After spending years to gain acceptance as a female in the world of mixed martial arts, Gina Carano, now an actress, was put to a different test when she recently visited Fort Leonard Wood last month in preparation for her next possible movie role in "Shadow Warrior."

"I was introduced to acting one week after I lost my first MMA fight," Carano said. "I welcomed the break. I had just spent years and years in gyms and in fights and dealing with promoters and the public's complete confusion of females being accepted in this world of MMA. No female had gotten to the level I had. There was no path; just a ton of shrubbery, and I was the first to get hit hard."

While Carano still trains every day and considers mixed martial arts an important aspect of her life, she is eager to continue to expand her acting career.

"I came to visit Fort Leonard Wood through my friends, Caspian Tredwell-Owen, director, and Jasmine Reid, producer," Carano said.

Tredwell-Owen wrote "The Island," and "Beyond Borders," and wrote and directed "Profile of a Killer," while Reid produced "Profile of a Killer" and line produced "Stuck Between Stations."

"We are doing research for a possible movie about a Soldier returning home from war," said Carano, a Dallas County, Texas, native. "We wanted to observe and participate in Soldiers' everyday lives and hear their stories."

Tredwell-Owen added, "I wanted to prep Gina for playing the role of a battle-scarred Soldier returning from Afghanistan by immersing her in the experience she would have gone through in training, the bonds she would have made and the hardships endured. We also wanted to gain insight on the experience of female Soldiers versus male; to discover differences, if any."

The 1st Engineer Brigade accepted the challenge to provide Carano, who is best known for her roles in "Haywire," "Fast and Furious 6," and "Deadpool," with a glimpse of military life.

Carano's first day started at 5:30 a.m. as she joined more than 800 engineer Soldiers for a battalion run.

"I had never seen anything like it," she said. "They put me right in the front, behind the flag holders. It all felt very surreal."

"I loved the sound and the beat of all the Soldiers' feet and voices going together as one during cadence," Carano added. "The cadence called 'When My Granny,' struck a chord, because my grandma is pretty hardcore, too."

"Now, whenever I run, I think about my left foot and the grandma that we sang about," she said.

After the run, a Soldier explained to Carano that members of the Army do more before 9 a.m. than most people do all day, and with that, Carano headed out to the Confidence Course where combat engineers were training.

"I looked at the course and thought there is no way I'm going to do this," she said, as she confessed she had a fear of heights. "My whole body was shaking on every one of the height obstacles."

Following a stop at the basic rifle marksmanship range, Carano rounded out her 16-hour day patrolling with Sapper Leader Course Soldiers.

It was an adventure to watch sleep-deprived Soldiers work together to solve problems to complete their mission, Carano said.

Sapper Leader Course cadre showed Carano how to apply a tourniquet, heat up an MRE (meal ready to eat) and sling on a 90-pound ruck sack.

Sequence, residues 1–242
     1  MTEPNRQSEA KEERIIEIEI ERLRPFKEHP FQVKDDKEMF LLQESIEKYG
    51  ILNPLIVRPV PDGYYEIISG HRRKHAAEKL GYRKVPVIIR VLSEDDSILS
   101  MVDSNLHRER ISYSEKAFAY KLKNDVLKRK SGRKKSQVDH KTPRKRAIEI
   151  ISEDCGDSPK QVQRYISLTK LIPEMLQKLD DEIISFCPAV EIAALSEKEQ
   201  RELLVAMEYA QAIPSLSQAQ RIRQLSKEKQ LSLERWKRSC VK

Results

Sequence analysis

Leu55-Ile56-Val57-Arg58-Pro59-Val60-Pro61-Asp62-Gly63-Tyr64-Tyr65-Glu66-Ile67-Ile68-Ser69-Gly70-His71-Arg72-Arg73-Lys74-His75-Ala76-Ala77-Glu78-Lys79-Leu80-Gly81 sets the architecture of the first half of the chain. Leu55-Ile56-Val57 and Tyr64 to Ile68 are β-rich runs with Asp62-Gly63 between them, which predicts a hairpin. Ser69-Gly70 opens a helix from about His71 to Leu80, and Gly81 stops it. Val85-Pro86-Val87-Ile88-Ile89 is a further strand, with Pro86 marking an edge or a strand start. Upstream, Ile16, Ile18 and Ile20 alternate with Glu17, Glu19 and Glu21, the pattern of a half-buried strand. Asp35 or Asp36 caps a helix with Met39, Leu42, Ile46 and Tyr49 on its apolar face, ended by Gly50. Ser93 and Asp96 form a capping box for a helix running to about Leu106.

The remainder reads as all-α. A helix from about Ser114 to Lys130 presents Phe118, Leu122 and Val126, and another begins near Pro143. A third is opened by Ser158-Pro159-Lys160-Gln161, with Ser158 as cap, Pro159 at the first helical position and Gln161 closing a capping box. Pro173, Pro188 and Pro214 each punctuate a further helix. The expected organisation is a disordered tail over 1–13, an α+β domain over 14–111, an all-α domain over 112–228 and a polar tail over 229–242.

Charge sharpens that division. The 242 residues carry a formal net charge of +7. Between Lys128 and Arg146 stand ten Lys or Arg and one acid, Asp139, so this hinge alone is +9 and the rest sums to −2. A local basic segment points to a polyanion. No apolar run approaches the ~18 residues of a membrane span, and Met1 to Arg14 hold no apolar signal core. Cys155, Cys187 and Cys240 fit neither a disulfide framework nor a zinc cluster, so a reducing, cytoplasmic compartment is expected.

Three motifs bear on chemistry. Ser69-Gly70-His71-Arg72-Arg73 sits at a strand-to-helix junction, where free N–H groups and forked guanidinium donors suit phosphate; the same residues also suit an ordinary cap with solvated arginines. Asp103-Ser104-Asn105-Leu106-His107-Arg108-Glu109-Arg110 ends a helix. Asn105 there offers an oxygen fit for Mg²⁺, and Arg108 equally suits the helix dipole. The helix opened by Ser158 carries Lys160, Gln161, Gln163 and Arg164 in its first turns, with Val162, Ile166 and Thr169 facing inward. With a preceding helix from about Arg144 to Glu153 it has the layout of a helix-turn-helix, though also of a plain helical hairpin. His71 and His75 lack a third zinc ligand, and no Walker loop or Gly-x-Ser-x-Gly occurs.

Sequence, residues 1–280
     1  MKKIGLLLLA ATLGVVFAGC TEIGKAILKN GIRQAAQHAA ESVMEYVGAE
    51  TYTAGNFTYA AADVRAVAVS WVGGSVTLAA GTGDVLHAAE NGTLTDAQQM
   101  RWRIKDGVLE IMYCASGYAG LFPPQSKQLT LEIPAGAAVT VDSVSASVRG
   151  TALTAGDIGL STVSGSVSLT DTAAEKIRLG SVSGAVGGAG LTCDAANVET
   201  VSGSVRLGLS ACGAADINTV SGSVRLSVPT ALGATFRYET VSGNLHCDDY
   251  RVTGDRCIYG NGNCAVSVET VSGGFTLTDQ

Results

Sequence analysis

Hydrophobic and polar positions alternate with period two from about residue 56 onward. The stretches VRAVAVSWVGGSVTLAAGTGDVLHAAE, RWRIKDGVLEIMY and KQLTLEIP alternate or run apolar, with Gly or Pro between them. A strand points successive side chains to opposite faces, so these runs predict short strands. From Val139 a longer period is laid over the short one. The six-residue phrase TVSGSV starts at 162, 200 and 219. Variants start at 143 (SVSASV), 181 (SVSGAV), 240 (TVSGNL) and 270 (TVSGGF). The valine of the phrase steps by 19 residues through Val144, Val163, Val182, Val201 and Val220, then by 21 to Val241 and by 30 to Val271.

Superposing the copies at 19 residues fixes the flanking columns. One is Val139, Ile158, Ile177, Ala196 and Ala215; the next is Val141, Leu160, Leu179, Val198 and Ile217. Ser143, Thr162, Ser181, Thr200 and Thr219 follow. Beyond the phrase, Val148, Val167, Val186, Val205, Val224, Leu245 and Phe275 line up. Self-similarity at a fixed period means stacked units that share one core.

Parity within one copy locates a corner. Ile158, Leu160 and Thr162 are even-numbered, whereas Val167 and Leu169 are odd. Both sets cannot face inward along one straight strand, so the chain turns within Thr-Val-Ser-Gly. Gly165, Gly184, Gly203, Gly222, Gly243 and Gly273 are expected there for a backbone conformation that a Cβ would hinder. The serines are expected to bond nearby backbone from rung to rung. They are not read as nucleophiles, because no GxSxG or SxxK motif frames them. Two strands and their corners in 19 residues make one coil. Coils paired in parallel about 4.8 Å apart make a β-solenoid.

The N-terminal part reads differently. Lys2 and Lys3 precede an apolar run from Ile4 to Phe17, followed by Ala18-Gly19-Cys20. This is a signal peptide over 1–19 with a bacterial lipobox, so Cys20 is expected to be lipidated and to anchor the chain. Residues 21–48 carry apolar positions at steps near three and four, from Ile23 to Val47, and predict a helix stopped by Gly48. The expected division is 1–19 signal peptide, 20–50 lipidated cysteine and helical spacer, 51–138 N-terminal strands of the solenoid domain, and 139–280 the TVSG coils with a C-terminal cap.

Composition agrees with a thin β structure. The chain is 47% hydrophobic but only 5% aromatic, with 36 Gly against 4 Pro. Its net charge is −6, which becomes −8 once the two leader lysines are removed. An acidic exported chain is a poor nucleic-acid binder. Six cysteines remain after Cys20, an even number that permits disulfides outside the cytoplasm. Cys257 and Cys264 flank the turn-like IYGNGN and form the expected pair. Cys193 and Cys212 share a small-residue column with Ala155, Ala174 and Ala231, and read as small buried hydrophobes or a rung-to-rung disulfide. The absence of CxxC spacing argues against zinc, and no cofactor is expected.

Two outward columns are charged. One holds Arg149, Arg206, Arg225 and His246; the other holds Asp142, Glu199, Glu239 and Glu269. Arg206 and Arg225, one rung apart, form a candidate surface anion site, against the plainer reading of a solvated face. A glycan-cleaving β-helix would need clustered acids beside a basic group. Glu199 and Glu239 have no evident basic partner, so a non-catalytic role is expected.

"I tried on some of the ruck sacks and realized that this is what these men and women have been carrying for days," she said. "I was just glad I had been doing my squats, so I could stand up with the ruck sack on and walk around for a few minutes."

The second day of Carano's visit provided additional introductions to combat skills training with a visit to the weapons simulator, bridging operations and more time in the rainy woods to observe breaching operations with the Engineer Basic Officer Leader Course.

Having missed out on dinner the night before, Carano graciously accepted a home-cooked spaghetti dinner, which was made by a military spouse.

Carano took time out to show respect to fallen engineers by visiting the Engineer Memorial Grove.

The third day of her visit wrapped up with a tour of the barracks and a stop at the post combatives training facility.

"Gina seemed down-to-earth and very eager to learn what she could about Soldiers in the military," said Sgt. 1st Class Phillip Rhoades, 1st Engineer Brigade, operations noncommissioned officer in charge. "Gina was not afraid to face her fears and participate in some of the obstacles on the obstacle course, or to put in a 16-hour day observing training to better understand the life of Soldiers. She never hesitated to ask questions. She was hungry for knowledge for this role."

Carano was motivated by the entire experience.

"I wish more people would get to have the experience I did," Carano said. "I will hold this experience close to me for a lifetime."

Tredwell-Owen added, "Our visit illuminated the personal side of military life, the level of commitment, conscience and faith in purpose that is required not only to succeed, but survive in a combat environment."

Carano looks forward to preparing for her future role and said she was most inspired by the sense of purpose that was demonstrated during her visit.

"There's something you have when you do something like this with your life that I respect more than anything else, and that is, you live your lives with purpose. Each person I met at Fort Leonard Wood walked, talked, laughed and marched with purpose. And by hearing all of your stories as to what that purpose is, all I can say is thank you. From the bottom of my heart, thank you to you all."